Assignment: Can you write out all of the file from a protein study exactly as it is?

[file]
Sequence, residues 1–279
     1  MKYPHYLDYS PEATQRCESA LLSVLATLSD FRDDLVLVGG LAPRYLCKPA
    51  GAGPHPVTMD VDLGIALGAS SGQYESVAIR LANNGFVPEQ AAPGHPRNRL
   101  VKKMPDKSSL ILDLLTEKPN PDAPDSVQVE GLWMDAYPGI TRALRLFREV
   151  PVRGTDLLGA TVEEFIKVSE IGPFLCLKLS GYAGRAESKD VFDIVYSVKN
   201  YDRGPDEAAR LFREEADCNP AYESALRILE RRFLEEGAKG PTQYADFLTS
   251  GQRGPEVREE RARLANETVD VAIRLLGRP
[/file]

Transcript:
Sequence, residues 1–279
     1  MKYPHYLDYS PEATQRCESA LLSVLATLSD FRDDLVLVGG LAPRYLCKPA
    51  GAGPHPVTMD VDLGIALGAS SGQYESVAIR LANNGFVPEQ AAPGHPRNRL
   101  VKKMPDKSSL ILDLLTEKPN PDAPDSVQVE GLWMDAYPGI TRALRLFREV
   151  PVRGTDLLGA TVEEFIKVSE IGPFLCLKLS GYAGRAESKD VFDIVYSVKN
   201  YDRGPDEAAR LFREEADCNP AYESALRILE RRFLEEGAKG PTQYADFLTS
   251  GQRGPEVREE RARLANETVD VAIRLLGRP